Now that the dust of the 2010 season has settled for the Kansas City Chiefs, it’s time to assess how much, if any, real progress the team made this year. It is easy to say the team did better than last year simply by virtue of final record, securing the division title and the benefit of a playoff appearance which that brings. I think we can also admit that at least part of the reason for this year’s apparent success is the result of a soft schedule and the flaws of our division rivals. The only question that remains is whether we made meaningful progress and are we showing signs of being able to build on our success? This week, we’ll see if DVOA analysis offers any big picture insights into how far the Chiefs have come and hopefully where they’re headed. We’ll get to all that just beyond the jump.
As always, for an more in-depth explanation of what DVOA is and what it is designed to do, please be sure to check in with Football Outsiders for the full run down. Now for the stats –
As you can see, I am comparing 2009 regular season final results with 2010 regular season final results. Including this season’s playoff results was avoided because, well, doing so would have been considerably more complicated for me because of how playoff results are reported (most notably, weighted DVOA instead of cumulative DVOA). Nor do I think doing so would have helped any on the “overall progress” front if you catch my drift.
The Chiefs, weak schedule notwithstanding, definitely showed some improvement in a number of key areas. The things that probably stand out the most to me are the improvement of the offensive line, the improvement of Matt Cassel, the improvement of Dwayne Bowe, and the impact of Tony Moeaki. However, it appears that part of the price of getting a good receiver and a good tight end perhaps came at the expense of going without multiple ranked players in each category. Better targets, but not as many viable ones overall.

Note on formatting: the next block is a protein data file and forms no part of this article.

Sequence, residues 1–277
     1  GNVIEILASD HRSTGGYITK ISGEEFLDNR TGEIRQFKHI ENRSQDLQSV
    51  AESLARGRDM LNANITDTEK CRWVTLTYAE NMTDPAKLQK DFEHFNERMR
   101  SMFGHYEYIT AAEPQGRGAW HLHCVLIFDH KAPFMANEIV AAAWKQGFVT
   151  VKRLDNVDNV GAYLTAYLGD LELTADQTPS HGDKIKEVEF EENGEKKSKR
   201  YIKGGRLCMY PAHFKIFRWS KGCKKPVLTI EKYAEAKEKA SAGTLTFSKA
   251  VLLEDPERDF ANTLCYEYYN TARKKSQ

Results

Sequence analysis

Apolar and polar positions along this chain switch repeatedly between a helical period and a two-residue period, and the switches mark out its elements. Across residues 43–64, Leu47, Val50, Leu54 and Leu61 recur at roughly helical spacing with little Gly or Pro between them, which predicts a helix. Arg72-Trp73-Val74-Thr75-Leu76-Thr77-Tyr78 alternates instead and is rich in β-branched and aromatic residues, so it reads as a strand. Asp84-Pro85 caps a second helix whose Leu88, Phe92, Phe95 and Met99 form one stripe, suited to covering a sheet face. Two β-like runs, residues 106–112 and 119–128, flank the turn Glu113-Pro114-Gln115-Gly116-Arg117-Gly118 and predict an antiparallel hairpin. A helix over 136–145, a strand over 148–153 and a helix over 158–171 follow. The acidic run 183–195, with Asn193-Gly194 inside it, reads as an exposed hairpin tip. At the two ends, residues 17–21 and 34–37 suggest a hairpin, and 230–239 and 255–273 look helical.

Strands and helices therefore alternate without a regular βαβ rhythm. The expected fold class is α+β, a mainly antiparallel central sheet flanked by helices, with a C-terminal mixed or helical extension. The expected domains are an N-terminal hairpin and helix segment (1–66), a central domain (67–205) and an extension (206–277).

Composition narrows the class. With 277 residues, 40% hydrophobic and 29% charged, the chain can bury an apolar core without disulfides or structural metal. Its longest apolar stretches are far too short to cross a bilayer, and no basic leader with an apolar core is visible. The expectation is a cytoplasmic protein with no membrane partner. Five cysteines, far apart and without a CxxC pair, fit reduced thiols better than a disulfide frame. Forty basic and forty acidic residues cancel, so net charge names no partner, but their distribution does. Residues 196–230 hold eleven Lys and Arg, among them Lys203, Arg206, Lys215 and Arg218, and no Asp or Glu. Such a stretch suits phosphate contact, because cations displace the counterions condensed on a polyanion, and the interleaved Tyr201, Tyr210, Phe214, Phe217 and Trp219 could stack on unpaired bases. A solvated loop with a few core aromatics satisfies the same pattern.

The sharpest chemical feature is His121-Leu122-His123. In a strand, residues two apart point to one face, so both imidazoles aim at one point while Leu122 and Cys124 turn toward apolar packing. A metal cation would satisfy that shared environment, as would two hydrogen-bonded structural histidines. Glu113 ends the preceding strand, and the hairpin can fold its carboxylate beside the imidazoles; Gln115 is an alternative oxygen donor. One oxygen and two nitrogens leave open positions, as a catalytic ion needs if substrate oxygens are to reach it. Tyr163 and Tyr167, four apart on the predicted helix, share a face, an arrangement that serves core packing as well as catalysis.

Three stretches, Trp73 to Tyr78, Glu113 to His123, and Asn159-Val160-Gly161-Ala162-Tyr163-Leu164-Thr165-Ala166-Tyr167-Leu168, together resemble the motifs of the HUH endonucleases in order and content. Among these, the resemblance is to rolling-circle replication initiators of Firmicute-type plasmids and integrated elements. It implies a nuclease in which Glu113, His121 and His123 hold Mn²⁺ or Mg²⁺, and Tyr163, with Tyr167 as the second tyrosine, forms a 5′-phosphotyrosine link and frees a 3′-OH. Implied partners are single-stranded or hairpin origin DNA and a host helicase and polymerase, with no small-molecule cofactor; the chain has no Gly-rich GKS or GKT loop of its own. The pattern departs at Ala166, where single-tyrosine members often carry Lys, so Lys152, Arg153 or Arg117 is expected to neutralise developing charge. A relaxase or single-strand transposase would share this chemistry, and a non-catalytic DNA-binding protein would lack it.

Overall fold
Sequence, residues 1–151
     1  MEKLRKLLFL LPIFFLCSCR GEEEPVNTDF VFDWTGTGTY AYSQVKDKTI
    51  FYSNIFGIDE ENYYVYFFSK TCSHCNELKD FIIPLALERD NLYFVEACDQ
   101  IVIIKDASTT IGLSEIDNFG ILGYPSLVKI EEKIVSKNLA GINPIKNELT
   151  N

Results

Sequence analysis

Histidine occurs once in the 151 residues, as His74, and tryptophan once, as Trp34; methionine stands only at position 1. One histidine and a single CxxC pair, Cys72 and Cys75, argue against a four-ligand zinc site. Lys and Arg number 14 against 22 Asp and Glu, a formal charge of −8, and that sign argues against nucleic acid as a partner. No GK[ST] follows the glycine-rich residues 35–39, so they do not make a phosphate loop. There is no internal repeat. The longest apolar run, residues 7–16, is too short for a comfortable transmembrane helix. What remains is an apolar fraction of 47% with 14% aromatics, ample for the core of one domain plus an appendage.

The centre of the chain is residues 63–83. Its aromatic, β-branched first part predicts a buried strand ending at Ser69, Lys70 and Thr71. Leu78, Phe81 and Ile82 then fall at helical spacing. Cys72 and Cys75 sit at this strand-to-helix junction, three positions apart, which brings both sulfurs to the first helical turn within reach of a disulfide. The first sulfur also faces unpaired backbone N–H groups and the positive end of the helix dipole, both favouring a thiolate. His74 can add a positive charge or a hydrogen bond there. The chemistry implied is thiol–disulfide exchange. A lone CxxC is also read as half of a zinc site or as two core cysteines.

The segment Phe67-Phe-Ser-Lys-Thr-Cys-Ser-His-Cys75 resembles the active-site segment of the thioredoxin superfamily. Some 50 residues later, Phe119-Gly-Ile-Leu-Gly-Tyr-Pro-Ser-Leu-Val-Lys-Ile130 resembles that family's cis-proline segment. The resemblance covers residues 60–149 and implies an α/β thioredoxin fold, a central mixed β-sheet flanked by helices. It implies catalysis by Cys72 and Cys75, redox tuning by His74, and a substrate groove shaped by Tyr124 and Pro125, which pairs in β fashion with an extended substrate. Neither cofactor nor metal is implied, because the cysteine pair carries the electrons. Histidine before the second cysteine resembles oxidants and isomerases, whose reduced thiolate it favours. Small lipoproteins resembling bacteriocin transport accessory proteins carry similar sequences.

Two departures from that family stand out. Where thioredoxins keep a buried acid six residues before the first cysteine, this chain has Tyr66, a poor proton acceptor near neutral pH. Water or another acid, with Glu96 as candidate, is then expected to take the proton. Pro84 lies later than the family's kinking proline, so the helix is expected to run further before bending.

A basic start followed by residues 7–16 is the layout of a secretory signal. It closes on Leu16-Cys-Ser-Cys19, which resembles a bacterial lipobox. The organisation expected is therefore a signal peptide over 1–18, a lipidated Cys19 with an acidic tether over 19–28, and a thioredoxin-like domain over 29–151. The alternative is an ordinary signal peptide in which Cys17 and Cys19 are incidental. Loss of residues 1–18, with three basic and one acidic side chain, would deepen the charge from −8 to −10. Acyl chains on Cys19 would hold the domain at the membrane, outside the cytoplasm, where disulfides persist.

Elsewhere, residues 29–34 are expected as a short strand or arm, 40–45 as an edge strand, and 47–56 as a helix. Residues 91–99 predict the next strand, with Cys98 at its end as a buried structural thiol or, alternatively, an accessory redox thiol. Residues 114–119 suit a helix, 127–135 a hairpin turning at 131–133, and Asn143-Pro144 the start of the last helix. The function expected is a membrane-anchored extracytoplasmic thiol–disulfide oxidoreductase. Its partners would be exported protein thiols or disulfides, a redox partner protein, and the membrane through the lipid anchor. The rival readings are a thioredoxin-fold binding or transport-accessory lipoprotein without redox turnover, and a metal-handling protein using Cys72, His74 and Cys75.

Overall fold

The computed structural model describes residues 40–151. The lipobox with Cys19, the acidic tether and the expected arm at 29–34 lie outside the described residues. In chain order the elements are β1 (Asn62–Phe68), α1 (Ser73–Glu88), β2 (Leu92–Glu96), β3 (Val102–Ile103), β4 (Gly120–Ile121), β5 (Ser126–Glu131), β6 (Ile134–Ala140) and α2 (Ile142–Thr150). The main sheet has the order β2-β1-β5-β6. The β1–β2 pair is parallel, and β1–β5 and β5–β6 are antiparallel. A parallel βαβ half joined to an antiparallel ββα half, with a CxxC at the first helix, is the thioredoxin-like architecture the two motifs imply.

I think we can also say that TJ was an improvement over LJ, but not by much.
Special Teams did not really improve which, big picture-wise is not a good sign. Scott Pioli prides himself in building teams through Special Teams and it appears that this season’s effort was not successful. There definitely needs to be a high emphasis placed on this during the offseason and I believe a good way to approach might be to draft at least a couple fast receiver types to block and/or get down field more quickly – in other words, kill two birds – improve speed on ST and build up our receiver corps. On top of that, I was not all that impressed with the consistency of either Arenas or McCluster as far return duties go – besides, it’s not a bad idea to freshen up the “churn in your return” each year.
Defense also made some good progress against the pass but we are still down a ways in the run defense category. The same goes for our front 7′s (and more specifically our front 3′s) ability to disrupt the passing game but again not so much with the run. I believe the addition of a real NT and an ILB with true pass rushing skills would produce immediate results.
Lastly, let’s take a final look at how the season rankings played out on week-to-week basis.
For all intents and purposes, we basically peaked around midseason and leveled off somewhere between declining and mediocre at the end. The declining part bothers me a lot and causes me to wonder whether this a pattern that will continue into next season? Is it a reflection of possible contentiousness among the coaching staff? A young team wearing out as the season wore on? Something more?
2011 looks to be pivotal year for Scott Pioli, Todd Haley and this team as a whole. Just as the final performance of 2009 appears to have been a positive sign for 2010, could the final performance(s) of 2010 similarly bode ill for 2011? If we start off poorly in 2011, we will possess what it takes to recover?
For 2010 I see some good, some good, and many concerns going forward.
That’s my Double Take. What are your takes Addicts?